Just because your senior dog isn’t the same walking companion he once was doesn’t mean it’s time to look for a new partner. In fact, taking a daily walk with your older pup can be one of the best things you do for him. Walking will keep his muscles strong and flexible, plus it’ll give him improved cardiovascular health, help maintain his weight, and decrease age-related anxiety. Even better, walking your senior dog offers quality bonding time with you. But before you begin or continue a walking regimen with your four-legged friend, learn how to make it the safest and most useful stroll it can be.
Stretch Your Pet Before and After Walking
Weakening joints and muscles will benefit from gentle stretching before and after movement. Be sure to give your senior dog an adequate warm-up and cool-down period as part of your walking session. Recommended stretches include hip flexions, bicycling the back legs, shoulder extensions, and sit and stand drills. Always check with a veterinarian for the best way to prepare your pet for exercise. A vet will be able to demonstrate safe and effective stretching techniques to use.
Set the Pace Mindfully
Although you’re in charge of the walk, be mindful of your older pet’s mobility level and choose a pace that’s comfortable for him but still provides adequate exercise. If you’re just starting a walking routine, begin slowly. Take short strolls around the block and build up to longer walks at a faster clip. Challenge your pet safely, with his health status and age in mind. Remember, any kind of movement will benefit your senior dog, so tailor the walk to his unique ability.
Offer Your Senior Dog Variety
Do you sometimes get bored with the same old exercise? Dogs do too, so try to switch things up on your walk to keep your senior pup interested and energetic. Alter your route or drive to a new, safe location, like a nearby neighborhood or park. You might try walking on a different surface. The American Kennel Club recommends grass and sand over asphalt and gravel for senior dogs. Avoid walking on overly soft sand, though, which can be hard on an arthritic pet’s joints.
Interact While Walking
Friendly conversation with your senior dog helps him feel safe and connected to you, but he can benefit from any interaction with you while out walking together. Keep your aging pet thinking, behaving, and enjoying your companionship by engaging in short obedience refreshers. Ask him to sit and wait at a crosswalk or practice eye contact, heeling, and on-leash recalls. Bring treats along and be sure to praise and reward your dog for being a good listener and walking partner.
Give Your Senior Pet All of You
If you have multiple dogs, leave the others at home. Younger dogs typically have more energy and speed than older dogs, making it more challenging for you to concentrate on your senior. Likewise, a chatty friend can divert your attention and even cause jealousy in your pet. Give your senior what he craves: all of you. He’ll appreciate one-on-one time with his favorite person, and that alone can make your walk more fulfilling and rewarding for both of you.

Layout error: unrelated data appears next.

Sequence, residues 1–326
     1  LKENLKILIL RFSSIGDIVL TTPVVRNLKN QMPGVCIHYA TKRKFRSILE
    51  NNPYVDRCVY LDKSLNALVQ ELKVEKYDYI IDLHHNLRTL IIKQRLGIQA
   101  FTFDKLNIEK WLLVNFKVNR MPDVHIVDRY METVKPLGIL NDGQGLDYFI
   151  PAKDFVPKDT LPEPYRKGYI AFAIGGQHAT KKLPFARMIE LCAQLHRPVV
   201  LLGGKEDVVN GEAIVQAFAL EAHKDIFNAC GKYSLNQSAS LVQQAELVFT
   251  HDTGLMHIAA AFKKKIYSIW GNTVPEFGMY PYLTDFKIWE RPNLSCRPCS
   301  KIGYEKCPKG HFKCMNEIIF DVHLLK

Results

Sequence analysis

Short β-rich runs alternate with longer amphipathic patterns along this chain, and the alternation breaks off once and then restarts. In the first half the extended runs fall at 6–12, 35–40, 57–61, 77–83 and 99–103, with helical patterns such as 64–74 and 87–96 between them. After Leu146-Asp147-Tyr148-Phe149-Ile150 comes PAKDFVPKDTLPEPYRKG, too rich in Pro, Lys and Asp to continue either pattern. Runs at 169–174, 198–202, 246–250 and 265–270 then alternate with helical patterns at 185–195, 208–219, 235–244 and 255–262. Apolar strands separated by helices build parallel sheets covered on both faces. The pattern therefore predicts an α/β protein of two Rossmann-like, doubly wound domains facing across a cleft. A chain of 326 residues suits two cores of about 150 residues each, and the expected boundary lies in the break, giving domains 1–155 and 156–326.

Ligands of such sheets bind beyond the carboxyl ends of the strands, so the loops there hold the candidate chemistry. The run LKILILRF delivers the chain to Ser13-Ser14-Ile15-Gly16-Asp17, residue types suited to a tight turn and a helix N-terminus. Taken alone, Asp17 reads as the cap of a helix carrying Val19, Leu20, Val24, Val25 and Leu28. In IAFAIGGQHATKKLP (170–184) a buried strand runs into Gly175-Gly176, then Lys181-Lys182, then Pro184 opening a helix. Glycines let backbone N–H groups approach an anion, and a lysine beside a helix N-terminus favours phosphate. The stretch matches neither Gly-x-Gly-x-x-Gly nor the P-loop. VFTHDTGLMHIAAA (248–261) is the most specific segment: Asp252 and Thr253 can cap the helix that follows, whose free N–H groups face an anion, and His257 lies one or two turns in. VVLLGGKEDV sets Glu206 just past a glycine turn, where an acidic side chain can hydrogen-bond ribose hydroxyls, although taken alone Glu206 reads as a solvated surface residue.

Watch for Hazards
Hazards while walking come in all forms, even when your pet is leashed by your side. If you see other dogs approaching, consider turning around or crossing the street. Your senior may not have the confidence and agility to handle encounters with unfamiliar animals. Inclement weather, uneven roadways, and traffic are other potential hazards to be aware of and plan accordingly for. Stay alert while you’re out walking together so you can keep your pet safe and content.
Make Walking Your Senior Dog a Regular Habit
Many senior dogs suffer stiffness and joint discomfort, an important reason to make exercising your aging pet a regular habit. Get on a daily walking schedule if possible. You won’t just improve his pain and joint function; you’ll also help manage his weight and reduce stress and anxiety, all which contribute to better health and longevity. Finally, regular walking provides structure, which has been shown to boost confidence, security, and good behavior in dogs.
Keep Track of Time
Don’t overdo walking with a senior dog. Older pets tire quickly and can be highly susceptible to overheating and dehydration. Make sure your dog is well hydrated before and after the walk with Perpetual Well automatic dog waterer. A half-hour or less is plenty of time for your senior dog to be out walking. If it’s a warm day, cut the walk short. Avoid getting too far away from home or your car, in case you need to turn around quickly and carry water with you for hydration. Finally, wear a watch so you can always keep track of time.
Treating your senior dog to a walk is something he’ll surely lap up, but make it a stroll he deserves. You’ll improve his fitness and give him a happier, healthier, and longer life with you.